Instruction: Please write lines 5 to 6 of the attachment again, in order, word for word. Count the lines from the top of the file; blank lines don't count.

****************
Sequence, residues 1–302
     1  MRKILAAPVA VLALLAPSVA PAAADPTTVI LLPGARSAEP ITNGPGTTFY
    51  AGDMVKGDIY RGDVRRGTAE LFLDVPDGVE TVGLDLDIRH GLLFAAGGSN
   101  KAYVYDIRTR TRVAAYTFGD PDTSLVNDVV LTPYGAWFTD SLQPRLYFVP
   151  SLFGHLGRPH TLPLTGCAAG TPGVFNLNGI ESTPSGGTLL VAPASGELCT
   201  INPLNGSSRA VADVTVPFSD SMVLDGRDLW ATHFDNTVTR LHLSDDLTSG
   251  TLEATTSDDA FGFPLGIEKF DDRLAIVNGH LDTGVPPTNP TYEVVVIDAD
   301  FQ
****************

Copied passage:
   151  SLFGHLGRPH TLPLTGCAAG TPGVFNLNGI ESTPSGGTLL VAPASGELCT
   201  INPLNGSSRA VADVTVPFSD SMVLDGRDLW ATHFDNTVTR LHLSDDLTSG